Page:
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You may have noticed a small open space the size of a downtown building at the north end of the Pedestrian Mall in downtown Iowa City. People flow through this space day and night but few know that it is a city park. It’s called Black Hawk Mini Park and this is its story. After […]
Iowa City, let’s navel gaze for a moment. Our town, despite its location and size, has been ranked by The Advocate magazine as the third most gay-friendly city in the United States. It’s the only city in the country to be named a UNESCO City of Literature, where The University of Iowa Writers Workshop has […]
It’s not particularly hip to be a fan. Not that I’ve noticed, anyway. I’ve personally suffered many an eye-roll from less fanatic friends and I’ve seen fellow fans dressed in their Hawkeye garb just barely get a drink served to them in certain elite Northside establishments. I’ve felt a pang of embarrassment hearing a nearby […]
This weekend the streets were crawling with folks in their best Halloween attire, and I couldn’t click my camera fast enough. I did manage to snap some of the characters lurking on Dubuque Street, most of them being drunk, happy and eager to show off their disguises. There were countless fantastic costumes that I didn’t […]
The Amana Colonies are known to Iowans hither and yon as a mecca of cheese, wine, wool, barns and buggies. Certainly everyone knows that in the Amanas, there is an old church or two. What they might not know is that in one of these churches there lives a girl–a girl who sews; a girl […]
The Mill hosted a fundraiser benefiting the Local Foods Connection on Sept 25th. The evening was packed with music from a variety of local artists, art and handmade goods, raffles, a silent auction, dancing, food and booze….it was a great night and I was glad to be asked to capture some shots from the event.
The Future South of Burlington; p. 10 – 21, Take 2; p. 8 – Larry Baker Saves the Day; p. 12 – Perfect Season: Over. Now what?; p. 6 – Take a Joke, Iowa; p. 23 – New Diplomats: Still Solid; p. 32 – Max Weinberg Keeps Going; p. 22 – Art Scene; p. 18 – Lit Scene; p. 16 – Live Music; p. 28 – Movies; p. 26
It’s already getting dark on Sunday when you hop off the train, just back from a weekend in Chicago. As the sun sets over the river, you take a stroll through the riverfront prairie before hitting up a few concerts: maybe a traveling symphony, followed by an electric mass of sound at the underground White Lightning Wherehouse. Ears still ringing, you wander back to your yuppie high-rise, grabbing a late night gyro on the ground floor before heading up to your condo in the solar powered elevator.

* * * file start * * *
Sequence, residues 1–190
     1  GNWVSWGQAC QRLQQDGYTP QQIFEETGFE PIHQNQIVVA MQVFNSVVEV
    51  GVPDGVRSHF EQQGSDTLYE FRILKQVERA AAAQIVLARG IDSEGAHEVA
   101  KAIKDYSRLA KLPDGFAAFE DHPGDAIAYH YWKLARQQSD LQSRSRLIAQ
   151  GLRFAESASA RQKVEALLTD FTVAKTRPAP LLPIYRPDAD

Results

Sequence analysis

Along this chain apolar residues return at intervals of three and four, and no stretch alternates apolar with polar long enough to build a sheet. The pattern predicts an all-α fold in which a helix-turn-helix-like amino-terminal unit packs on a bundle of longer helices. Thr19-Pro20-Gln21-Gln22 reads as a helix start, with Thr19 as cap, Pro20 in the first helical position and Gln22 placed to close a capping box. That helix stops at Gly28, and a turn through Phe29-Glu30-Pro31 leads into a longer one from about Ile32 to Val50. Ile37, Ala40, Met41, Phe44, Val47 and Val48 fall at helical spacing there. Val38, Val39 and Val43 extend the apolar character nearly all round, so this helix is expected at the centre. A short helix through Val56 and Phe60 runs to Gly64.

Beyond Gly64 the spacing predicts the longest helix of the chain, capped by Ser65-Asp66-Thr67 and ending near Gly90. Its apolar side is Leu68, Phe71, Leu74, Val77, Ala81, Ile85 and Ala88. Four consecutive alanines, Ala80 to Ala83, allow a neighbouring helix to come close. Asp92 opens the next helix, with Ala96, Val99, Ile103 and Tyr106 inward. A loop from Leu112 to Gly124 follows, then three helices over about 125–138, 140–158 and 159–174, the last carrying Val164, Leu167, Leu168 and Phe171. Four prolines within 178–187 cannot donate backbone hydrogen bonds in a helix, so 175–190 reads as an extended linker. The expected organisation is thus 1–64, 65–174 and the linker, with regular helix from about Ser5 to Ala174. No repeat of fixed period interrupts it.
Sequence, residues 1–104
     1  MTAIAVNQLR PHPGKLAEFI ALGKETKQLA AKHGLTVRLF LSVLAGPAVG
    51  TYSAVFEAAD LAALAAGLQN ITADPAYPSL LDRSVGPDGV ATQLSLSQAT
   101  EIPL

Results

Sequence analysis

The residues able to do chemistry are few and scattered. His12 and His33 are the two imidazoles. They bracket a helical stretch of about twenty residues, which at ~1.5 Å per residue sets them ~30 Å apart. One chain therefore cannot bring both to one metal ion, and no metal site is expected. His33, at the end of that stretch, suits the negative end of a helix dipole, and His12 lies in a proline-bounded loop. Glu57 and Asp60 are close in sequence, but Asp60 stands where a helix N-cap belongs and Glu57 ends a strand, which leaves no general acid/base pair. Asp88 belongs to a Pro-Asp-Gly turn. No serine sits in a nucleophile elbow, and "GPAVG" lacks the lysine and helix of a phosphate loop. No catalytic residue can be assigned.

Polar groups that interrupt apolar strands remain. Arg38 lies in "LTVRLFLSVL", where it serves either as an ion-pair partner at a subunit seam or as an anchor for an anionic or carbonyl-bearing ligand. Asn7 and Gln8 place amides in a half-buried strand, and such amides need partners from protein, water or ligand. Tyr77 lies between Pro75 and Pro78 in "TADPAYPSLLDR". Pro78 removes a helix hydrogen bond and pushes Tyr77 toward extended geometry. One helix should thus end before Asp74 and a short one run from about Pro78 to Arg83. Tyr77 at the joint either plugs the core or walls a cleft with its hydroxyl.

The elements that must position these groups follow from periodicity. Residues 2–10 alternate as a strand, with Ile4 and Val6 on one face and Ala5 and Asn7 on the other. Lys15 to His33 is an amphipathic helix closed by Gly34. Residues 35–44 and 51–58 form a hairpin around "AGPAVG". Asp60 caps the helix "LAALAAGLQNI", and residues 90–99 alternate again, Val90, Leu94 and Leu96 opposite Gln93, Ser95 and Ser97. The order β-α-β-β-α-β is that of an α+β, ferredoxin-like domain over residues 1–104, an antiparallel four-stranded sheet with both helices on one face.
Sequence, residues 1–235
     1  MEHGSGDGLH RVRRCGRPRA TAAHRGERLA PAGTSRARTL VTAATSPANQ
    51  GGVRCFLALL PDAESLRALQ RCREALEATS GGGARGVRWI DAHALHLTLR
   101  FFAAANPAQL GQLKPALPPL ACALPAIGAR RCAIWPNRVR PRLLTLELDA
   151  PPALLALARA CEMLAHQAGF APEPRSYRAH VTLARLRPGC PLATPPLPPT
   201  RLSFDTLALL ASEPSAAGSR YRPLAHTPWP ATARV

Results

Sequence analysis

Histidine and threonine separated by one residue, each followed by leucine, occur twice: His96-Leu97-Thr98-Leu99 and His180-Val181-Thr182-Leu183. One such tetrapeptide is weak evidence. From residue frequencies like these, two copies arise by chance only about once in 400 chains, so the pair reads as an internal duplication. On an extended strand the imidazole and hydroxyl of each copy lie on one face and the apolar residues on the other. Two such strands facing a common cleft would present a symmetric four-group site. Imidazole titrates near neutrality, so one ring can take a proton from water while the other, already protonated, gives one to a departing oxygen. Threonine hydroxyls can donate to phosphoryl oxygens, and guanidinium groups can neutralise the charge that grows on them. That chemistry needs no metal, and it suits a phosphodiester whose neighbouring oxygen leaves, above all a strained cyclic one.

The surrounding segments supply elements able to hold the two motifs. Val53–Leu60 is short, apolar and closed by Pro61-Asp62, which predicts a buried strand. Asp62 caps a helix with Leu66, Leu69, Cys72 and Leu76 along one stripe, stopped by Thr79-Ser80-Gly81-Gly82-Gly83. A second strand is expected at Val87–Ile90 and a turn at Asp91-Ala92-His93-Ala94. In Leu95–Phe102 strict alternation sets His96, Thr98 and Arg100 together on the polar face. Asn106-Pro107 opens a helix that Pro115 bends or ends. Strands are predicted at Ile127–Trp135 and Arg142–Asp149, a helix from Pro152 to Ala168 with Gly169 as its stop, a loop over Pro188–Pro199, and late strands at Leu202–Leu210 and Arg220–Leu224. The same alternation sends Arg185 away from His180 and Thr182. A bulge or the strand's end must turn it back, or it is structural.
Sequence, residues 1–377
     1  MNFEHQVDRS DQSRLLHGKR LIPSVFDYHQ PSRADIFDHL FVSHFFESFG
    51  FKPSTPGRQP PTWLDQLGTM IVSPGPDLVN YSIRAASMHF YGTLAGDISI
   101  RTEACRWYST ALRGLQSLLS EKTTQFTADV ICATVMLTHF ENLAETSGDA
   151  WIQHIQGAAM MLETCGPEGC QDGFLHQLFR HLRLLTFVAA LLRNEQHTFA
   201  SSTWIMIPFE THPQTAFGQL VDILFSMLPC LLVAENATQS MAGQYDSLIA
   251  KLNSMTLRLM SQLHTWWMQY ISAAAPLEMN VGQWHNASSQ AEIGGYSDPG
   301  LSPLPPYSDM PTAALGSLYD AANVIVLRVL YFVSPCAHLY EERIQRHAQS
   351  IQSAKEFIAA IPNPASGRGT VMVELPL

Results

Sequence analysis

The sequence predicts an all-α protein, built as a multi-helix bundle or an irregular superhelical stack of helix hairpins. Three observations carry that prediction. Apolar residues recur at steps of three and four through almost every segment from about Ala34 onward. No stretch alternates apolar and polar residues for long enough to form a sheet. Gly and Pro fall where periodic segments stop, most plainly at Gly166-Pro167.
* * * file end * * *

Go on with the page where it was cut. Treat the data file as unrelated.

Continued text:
This could be a typical night in Iowa City’s “Riverfront Crossings” neighborhood, an 8-by-12 block area south of Burlington, east of the river and west of Gilbert Street.
Were there a facility large enough to house us all I suspect we’d have long ago been ordered by the court to attend some ambiguously-named in-patient rehab facility where our bags would be searched for mouthwash, daily urine tests would be administered and T-shirts commemorating pub crawls would be confiscated at the door.
Times being what they are, I recently spent a day in a homeless shelter.
Along with a dozen other visitors, I toured Chicago’s 133-year-old Pacific Garden Mission, which recently moved into a large new building. Our guide showed us the three stark dormitories in which guests sleep, the security desk overlooking the staging area in which guests are checked for “things of the world,” the “hot box” in which guests’ clothing is decontaminated overnight.
We met no overnighters, only sharply dressed “program men,” full-time mission residents who devote themselves to a two-year course of bible study and life-skills training.
During dinner, visitors were politely but firmly encouraged to sit in the middle of the mission’s dining hall. This helped to separate female and male residents, important for practical and religious reasons..
One of the problems we have in modern, globalized, industrialized society is that we often fail to understand, acknowledge or care about the consequences of what we do. If we really, truly cared about the environment, we would calculate the damage we inflict upon the Earth every time we start up a car or airplane, turn on a computer, throw away Styrofoam, etc.